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When Qatar was awarded the winning bid for the 2022 World Cup back in 2010, few believed the small nation would be able to pull off the significant infrastructure challenges this posed. After all, the country’s national side had seldom delivered world-class football, and the desert country’s facilities seemed, at the time, unfit for such an enormous undertaking. However, with $220 billion invested, making it the most expensive World Cup in history, Qatar has proved the doubters wrong. They have built new roads, a new airport, a new metro system in Doha, and no less than 7 brand new stadiums to accommodate the coming matches in November. This is a staggering pace of development, though given that neighboring Dubai built 109 skyscrapers over approximately the same sort of time frame, it may not come as a surprise to those familiar with the region’s ambition.

A Record Breaker in All Respects

This year’s World Cup is projected to be the biggest in history. Not only is the nation of Qatar expecting around 1.2 million fans to travel to the Middle East to witness the tournament in person, but it has been predicted that around 5 billion people will be tuning in from around the world to watch. This is understandable, given that Russia 2018 drew in a, then record-breaking, 3.5 billion viewers, and the world is far more connected today than even 4 years ago.

Diverse regions and markets across the world, such as Vietnam, where around 2/3s of its population own a smartphone, will have greater ease of access to match broadcasts than ever before. This is also expected to be a boon for sports betting comparison platforms operating in the region, such as Asiabet.org. This provider is committed to serving up the best football betting sites (trang cá cược bóng đá) out there. Covering all tournaments from the Vietnam Cup to the English Premier League, alongside international competitions such as the World Cup, it will ensure football fans from the nation will be able to place wagers to back their favorites with a minimum of fuss. Like all reputable sports betting platforms, Asiabet aims to deliver secure and reliable service by vetting and ranking all the providers it works with, as well as striving to transfer savings to its patrons through furnishing them with promotions, discounts, and the best odds on the market. This picture will be a familiar sight to countries all around the world, as the coming World Cup looks set to break 2018’s record of $155 billion in bets placed across the run of the competition. FIFA itself, the sport’s governing body, looks on course to post a record-breaking $7 billion in revenue from broadcasting rights, merchandising, and sponsorships.

The New Stadia

All told, Qatar will be hosting games in 8 distinct stadia. Of those 8 only one, the Khalifa International Stadium, built in 1976, predates their winning bid – and this has undergone extensive renovations to bring it up to spec. The further 7 represent some of the most compelling, cutting edge, and innovative sporting venues anywhere in the world today.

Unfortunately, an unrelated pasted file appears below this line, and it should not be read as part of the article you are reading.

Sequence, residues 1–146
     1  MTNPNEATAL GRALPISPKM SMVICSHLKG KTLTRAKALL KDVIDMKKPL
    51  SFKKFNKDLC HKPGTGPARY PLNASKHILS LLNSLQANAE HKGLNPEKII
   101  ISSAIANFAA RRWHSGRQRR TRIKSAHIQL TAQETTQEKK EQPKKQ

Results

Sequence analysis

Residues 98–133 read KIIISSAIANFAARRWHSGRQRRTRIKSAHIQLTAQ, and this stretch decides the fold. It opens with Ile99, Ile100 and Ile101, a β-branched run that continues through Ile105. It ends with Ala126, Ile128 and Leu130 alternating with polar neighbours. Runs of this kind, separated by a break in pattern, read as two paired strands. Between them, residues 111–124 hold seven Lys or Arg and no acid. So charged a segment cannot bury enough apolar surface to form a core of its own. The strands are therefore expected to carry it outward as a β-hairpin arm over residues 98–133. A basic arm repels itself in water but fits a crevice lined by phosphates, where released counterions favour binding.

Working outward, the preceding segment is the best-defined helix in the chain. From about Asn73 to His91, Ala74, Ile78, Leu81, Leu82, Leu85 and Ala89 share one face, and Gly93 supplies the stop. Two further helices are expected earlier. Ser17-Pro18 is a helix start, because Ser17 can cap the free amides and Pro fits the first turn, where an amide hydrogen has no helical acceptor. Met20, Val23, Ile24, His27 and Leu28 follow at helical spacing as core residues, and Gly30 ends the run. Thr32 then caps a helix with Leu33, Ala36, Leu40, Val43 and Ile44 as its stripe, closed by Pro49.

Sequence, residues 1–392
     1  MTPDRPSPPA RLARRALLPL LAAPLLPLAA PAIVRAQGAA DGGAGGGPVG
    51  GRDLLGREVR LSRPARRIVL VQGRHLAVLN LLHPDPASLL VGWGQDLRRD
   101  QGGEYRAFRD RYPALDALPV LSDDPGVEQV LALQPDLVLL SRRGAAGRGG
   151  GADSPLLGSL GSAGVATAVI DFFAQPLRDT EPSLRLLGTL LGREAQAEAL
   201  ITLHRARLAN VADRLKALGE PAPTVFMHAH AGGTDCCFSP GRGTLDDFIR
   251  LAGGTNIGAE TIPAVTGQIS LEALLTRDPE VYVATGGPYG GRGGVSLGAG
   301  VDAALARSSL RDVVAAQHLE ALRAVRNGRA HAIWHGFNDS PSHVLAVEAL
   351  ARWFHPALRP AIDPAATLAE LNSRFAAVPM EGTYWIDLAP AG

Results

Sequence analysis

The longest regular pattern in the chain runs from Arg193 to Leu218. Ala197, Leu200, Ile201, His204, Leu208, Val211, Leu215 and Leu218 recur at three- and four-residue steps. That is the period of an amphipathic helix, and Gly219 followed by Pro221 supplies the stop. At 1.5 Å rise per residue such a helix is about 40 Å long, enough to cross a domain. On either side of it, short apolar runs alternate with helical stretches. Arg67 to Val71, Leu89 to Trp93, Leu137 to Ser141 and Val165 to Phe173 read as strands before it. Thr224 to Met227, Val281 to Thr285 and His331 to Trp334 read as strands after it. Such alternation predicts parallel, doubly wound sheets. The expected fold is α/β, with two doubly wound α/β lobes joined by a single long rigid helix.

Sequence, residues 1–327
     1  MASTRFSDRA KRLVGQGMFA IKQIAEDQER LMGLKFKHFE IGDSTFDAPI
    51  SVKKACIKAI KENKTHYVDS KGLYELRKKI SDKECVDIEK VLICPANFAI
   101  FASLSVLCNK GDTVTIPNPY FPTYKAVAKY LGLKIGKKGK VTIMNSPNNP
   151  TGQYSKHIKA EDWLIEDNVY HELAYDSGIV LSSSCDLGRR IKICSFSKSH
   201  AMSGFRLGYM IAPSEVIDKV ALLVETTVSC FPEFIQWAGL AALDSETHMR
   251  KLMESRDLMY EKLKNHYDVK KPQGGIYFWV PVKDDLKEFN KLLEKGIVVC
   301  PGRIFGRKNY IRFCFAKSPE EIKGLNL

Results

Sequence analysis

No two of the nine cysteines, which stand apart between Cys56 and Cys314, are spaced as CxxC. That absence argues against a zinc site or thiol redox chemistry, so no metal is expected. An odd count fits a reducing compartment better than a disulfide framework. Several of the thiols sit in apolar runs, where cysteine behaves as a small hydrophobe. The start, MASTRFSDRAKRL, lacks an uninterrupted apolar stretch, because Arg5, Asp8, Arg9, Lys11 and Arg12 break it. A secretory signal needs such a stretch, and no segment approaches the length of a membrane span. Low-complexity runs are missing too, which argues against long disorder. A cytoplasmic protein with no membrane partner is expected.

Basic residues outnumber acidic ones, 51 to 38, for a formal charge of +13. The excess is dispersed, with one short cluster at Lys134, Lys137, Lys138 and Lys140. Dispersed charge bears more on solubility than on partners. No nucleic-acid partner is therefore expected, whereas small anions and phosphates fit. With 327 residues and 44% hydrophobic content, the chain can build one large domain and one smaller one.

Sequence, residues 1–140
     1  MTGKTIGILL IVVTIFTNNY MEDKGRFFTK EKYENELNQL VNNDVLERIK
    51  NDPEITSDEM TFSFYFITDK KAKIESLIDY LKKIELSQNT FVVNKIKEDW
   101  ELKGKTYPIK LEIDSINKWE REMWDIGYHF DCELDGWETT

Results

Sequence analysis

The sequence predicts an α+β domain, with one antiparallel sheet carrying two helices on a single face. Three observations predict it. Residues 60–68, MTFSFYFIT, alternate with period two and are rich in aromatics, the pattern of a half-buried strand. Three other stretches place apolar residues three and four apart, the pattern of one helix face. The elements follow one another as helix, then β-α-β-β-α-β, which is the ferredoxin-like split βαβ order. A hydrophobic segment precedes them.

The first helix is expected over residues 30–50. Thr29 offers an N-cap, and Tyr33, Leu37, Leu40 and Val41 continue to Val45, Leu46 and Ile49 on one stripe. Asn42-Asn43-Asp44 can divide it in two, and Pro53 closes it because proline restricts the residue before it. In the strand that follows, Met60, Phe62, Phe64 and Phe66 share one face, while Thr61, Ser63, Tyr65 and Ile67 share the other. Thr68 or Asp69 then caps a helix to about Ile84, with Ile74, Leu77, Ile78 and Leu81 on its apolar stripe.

These are Al Thumama Stadium, which, from the outside, is designed to resemble the traditional knitted cap known across the Middle East as the Ghafiya. The work of Ibrahim Al Jaidah, a local Qatari architect, has a capacity of 40,000 and is set to host 8 games.

Education City Stadium, also with a capacity of 40,000, is diamond-shaped and designed to reflect the sunlight in an attractive way. It will also host 8 games.

Ahmad Bin Ali Stadium, with a capacity of 40,000, will host 7 games and is designed to celebrate all aspects of Qatari culture with its richly patterned facade that calls to mind traditional textiles.

Arguably the most headline-grabbing, Stadium 974 (capacity 40,000, 7 games) is the world’s first stadium built entirely from 974 shipping containers and is sustainably designed in such a way that it can be disassembled in a low-impact fashion once the tournament concludes.

Al Bayt Stadium, a massive structure with a 60,000-person capacity, is designed to resemble Bedouin tents and features a retractable roof to boot. It will host 8 games, including the opening match.

Al Janoub Stadium, 40,000 capacity, is a sweeping structure designed to resemble the sails of traditional Arab trading vessels. It will host 7 matches.

Finally, the jewel in the crown, Lusail Stadium, with a phenomenal capacity of 80,000, will host the opening ceremonies, key matches, and the final itself. Its design evokes the subtle interplay of shadow associated with traditional lanterns and was the final stadium to be completed.